Looking Left and Right: Fighting The Inevitable



The typical conservative is indeed usually a man of very strong moral convictions. What I mean is that he has no political principles which enable him to work with people whose moral values differ from his own for a political order in which both can obey their convictions. It is the recognition of such principles that permits the coexistence of different sets of values that makes it possible to build a peaceful society
The acceptance of such principles means that we agree to tolerate much that we dislike.

In that same essay, F. A. Hayek also made this observation:

Connected with the conservative distrust [o]f the new and the strange is its hostility to internationalism and its proneness to a strident nationalism. Here is another source of its weakness in the struggle of ideas. It cannot alter the fact that the ideas which are changing our civilization respect no boundaries. But  refusal to acquaint one’s self with new ideas merely deprives one of the power of effectively countering them when necessary.




Cultural changes in just the past few years, such as a greater acceptance of same-sex marriages and conservative resistance to the concept, emphasizes the “weakness” Hayek spoke of. They can oppose, object, deny, and obstruct, but contributing to more meaningful, balanced, and forward-thinking policy eludes them all too often. Locked into their rigid mindset of limited/no government coupled with the conservative inclination to fear change and its corresponding need for black/white or yes/no decision-making, the extremist conservative has nothing to offer save for more opposition, objection, denial, and obstruction.

Do they ever contemplate how events will unfold notwithstanding their resistance? Why is more conflict an acceptable alternative rather than offering their own perspectives and then seeking a place in the broad middle?

Or, should their opposition succeed as it has in too many instances during President Obama’s years in office, are they even capable of appreciating how the short-term “victories” achieved will then play out in the years to come? What predisposed them to think that those less than enamored with their tactics will one day just throw up their hands and concede?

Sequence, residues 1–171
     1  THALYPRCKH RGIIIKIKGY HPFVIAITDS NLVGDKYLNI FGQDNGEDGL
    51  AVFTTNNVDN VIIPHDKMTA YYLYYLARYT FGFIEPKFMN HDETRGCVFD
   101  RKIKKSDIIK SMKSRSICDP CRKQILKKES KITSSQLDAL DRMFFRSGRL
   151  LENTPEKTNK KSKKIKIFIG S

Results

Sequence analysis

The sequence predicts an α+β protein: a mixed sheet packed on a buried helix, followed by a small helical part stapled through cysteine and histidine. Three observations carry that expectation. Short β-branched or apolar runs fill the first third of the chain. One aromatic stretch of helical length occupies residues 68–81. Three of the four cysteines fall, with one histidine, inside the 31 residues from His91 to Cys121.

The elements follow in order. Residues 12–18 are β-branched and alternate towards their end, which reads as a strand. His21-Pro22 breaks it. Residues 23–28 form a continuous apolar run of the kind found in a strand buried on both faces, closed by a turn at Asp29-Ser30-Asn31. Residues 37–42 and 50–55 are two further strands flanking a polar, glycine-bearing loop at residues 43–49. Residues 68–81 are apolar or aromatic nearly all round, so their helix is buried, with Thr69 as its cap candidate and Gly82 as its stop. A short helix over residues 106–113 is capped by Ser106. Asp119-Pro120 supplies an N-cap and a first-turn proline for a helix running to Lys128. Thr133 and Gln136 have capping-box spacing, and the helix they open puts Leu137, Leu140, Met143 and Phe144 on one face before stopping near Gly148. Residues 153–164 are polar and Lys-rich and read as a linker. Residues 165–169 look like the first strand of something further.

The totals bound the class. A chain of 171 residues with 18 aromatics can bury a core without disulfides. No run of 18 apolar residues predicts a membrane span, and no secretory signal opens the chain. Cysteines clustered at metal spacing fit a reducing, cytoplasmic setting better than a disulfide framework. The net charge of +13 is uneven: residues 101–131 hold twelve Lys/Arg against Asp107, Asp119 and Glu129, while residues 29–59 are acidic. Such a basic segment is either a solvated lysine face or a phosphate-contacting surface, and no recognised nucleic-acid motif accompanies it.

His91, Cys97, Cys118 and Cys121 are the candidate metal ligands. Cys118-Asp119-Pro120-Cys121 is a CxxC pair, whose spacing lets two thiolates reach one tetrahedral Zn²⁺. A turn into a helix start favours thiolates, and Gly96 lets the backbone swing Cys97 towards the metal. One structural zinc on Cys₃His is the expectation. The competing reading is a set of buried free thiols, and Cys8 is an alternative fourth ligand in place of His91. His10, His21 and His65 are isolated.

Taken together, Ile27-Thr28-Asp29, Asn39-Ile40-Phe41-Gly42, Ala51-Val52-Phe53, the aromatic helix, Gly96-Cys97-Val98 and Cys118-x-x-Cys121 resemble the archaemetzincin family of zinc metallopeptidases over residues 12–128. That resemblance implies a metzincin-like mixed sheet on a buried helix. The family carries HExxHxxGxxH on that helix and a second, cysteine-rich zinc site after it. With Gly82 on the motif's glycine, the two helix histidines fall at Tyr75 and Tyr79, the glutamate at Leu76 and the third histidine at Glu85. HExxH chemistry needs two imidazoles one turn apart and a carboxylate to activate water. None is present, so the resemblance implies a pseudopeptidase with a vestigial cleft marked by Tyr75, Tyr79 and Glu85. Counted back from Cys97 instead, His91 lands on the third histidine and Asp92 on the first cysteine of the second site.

The more resistance the conservative is to offering contributions as change evolves and challenges become that much more complex, the more resistant will progressives be in denying the Right any opportunities to advance their narrow-minded pursuits. How much do we all lose by fighting meaningless skirmishes while making problems so much worse for more of us in the years to come?

Since when has “my way or else” been the operative norm for every relationship and negotiation—personal, commercial, or political? Are these extremists so fearful of even the hint of a suggestion that their rigid, narrow-minded, and shortsighted perspectives are … well, rigid, narrow-minded, and shortsighted that they will run the risk of gaining nothing at all rather than some acceptable compromise? Live to fight another day has no meaning at all? Seriously?

Win or else—today—is now the battle plan! To what end? At some point, gratification that one has held firm to an ideological principle (all but irrelevant to everyone in the real world) would seemingly lose its appeal.


No-government conservatives take their inspiration from Grover Norquist’s famous quote that government should be shrunk to a size where it can be drowned in a bathtub. These Republicans, who make up most of the House and a healthy portion of the Senate, are on an uncompromising mission to abolish most government services, benefits, regulations, and taxes.